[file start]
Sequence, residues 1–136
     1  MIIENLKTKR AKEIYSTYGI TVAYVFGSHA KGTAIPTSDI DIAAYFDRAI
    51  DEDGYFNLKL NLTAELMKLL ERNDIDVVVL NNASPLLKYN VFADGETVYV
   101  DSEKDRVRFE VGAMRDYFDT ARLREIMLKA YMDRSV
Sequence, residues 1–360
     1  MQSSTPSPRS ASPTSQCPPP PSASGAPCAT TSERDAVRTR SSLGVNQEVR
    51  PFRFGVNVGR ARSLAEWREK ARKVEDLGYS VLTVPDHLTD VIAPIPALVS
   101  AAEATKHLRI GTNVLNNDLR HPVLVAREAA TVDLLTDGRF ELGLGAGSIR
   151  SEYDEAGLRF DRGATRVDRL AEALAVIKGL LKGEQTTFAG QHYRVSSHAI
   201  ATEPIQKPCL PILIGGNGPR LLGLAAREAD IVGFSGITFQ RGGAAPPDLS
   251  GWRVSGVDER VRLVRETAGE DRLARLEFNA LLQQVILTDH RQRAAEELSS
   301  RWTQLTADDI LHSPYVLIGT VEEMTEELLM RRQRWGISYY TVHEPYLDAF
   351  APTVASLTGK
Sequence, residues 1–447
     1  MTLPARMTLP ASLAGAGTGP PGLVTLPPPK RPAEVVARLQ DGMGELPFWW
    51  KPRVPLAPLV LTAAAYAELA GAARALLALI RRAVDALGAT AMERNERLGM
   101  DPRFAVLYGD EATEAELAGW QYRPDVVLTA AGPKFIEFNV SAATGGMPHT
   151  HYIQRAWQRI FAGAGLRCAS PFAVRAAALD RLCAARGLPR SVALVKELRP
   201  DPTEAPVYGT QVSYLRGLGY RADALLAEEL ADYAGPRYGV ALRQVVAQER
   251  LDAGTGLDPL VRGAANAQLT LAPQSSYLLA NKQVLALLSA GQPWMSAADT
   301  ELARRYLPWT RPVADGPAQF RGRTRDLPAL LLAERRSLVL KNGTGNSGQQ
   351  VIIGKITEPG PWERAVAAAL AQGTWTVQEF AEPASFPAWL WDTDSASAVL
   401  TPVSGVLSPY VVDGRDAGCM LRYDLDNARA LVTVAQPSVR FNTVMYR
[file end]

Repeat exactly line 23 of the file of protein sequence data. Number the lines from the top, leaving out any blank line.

   401  TPVSGVLSPY VVDGRDAGCM LRYDLDNARA LVTVAQPSVR FNTVMYR